With Schembri turning 39 in May, his relatively young age may enable him to connect more with younger audiences but if recent history is anything to go by it may also hinder his prospects with delegates. In the Muscat years, Labour delegates made it a habit of choosing a deputy leader for parliamentary affairs who was older than the leader – Anglu Farrugia, Louis Grech and Chris Fearne were all Joseph Muscat’s senior. 

Ian Borg 

After 2017, Ian Borg became the king of roads as he captained the Labour government’s flagship €700 million road programme. He is loved by motorists who appreciate the new and better roads and loathed by environmentalists for allowing Infrastructure Malta to bulldoze its way through community opposition. Nonetheless, Borg’s profile grew and in 2020 he also harboured leadership ambitions, which he eventually put aside to back Chris Fearne. 

After the last election, Borg was appointed foreign minister, a role that took him away from the local political playground and thrust him into the big international game. His profile surged in 2023 on the back of Malta’s membership of the UN Security Council and its presidency of the OSCE. He will take political credit for the Security Council resolution drafted by Malta, calling for humanitarian pauses in Gaza and for giving the Russian representative the cold shoulder in February when the Security Council commemorated the first anniversary of the Russian invasion of Ukraine with a minute’s silence. 

Despite his meteoric rise in politics from mayor of a small village to chairing the UNSC and the OSCE, Borg knows well enough that the foreign office has often been the political deathbed of Maltese politicians. He will be 38 in February and if Borg still has the political oomph in him, he may very well be tempted to run for the number two spot. He will bring with him a can-do attitude tempered with the maturity gained while navigating the complex stretch of international waters. 

But if he does contest the deputy leadership, Borg will be subjected to further media scrutiny over the driving licence test scandal that happened on his watch at Transport Malta. Whether this scandal will impact party delegates is another matter altogether, although some may remember Konrad Mizzi’s short-lived stint as deputy leader party affairs in 2016 when he resigned after just two months as a result of the Panama Papers scandal. 

Roderick Galdes 

Roderick Galdes was elevated to housing minister in 2020, when he was entrusted with a key policy plank of the incoming Robert Abela. Galdes surrounded himself with knowledgeable technocrats at the ministry that helped deliver the important reform of pre-1995 protected rents without causing social upheaval. He also delivered on several housing schemes to help first time buyers and set up a foundation for affordable housing – a partnership between the government and the church. Galdes, who will be 49 in the new year, is somewhat of a veteran on the Labour benches having been first elected to parliament in 2004 when the leader was Alfred Sant. Only four other MPs are more senior than he is in terms of their parliamentary lifespan. Galdes may not be the exciting choice. He is not one to stand out and will bring little oomph to the second most important post in government. But then again, this is just the number two post and the less its holder shines, the more the leader will sparkle. Galdes has never shown any outward ambition to aim higher but he could turn out to be the dark horse in the race if he decides to take the plunge.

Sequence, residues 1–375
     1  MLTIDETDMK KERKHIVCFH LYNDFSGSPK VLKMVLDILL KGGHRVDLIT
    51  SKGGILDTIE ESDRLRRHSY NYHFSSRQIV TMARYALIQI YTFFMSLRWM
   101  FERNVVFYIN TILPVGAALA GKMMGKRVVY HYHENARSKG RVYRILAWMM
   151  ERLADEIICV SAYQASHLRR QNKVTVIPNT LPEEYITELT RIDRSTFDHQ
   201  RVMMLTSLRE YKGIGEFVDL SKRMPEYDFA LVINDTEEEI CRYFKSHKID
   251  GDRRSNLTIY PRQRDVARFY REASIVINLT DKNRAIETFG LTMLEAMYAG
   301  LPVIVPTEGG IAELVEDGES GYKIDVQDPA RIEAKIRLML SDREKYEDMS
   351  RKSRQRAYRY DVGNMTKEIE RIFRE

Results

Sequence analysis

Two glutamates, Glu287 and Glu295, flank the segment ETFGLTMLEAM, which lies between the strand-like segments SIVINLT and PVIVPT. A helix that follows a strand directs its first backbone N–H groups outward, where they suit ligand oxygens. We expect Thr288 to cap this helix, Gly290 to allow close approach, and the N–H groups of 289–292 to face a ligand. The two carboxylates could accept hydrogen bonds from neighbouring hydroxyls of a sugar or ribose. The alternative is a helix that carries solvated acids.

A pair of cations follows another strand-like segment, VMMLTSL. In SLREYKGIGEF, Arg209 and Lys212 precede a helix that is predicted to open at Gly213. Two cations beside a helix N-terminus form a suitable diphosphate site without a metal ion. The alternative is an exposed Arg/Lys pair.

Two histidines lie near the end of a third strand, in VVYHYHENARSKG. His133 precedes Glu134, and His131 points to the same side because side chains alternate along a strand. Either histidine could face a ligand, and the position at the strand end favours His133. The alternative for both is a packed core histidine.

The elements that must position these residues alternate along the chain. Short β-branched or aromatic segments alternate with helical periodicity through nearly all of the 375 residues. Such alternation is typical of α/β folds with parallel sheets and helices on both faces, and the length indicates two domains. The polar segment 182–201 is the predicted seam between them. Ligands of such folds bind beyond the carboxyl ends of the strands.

Clifton Grima 

The Education Minister had been touted as an interested candidate when the position of deputy leader party affairs became vacant in 2020 after Chris Cardona resigned. Eventually, the context ended up a one-man race with Daniel Jose Micallef, the then party president, running on his own. It is unclear whether Grima will be tempted this time around to take the leap and aim for the post that Fearne will vacate. His ambitions will probably depend on who the other contenders are – he comes from the world of football and knows that the outcome of a game also depends on who the opponent is. Grima, who turns 41 in September, may lack the political stature to occupy the role but he has no controversies to his name, a quality that may be useful as the Labour government enters its 11th year in office. 

Clyde Caruana 

The Finance Minister’s name will definitely crop up within and outside Labour circles as a possible contender. However, it is unlikely Clyde Caruana will be interested in the role. A straight talker, the finance minister already enjoys a high profile and with the nation’s purse strings in his hands, he also has influence on government policy and direction. Caruana, who will be 39 in February, may have other ambitions and knows that the number two post is not necessarily a stepping stone for the leadership, if and when it becomes vacant. For the time being he will stay put at Maison Demandols in South Street although some delegates will be asking him to consider putting his name in the hat.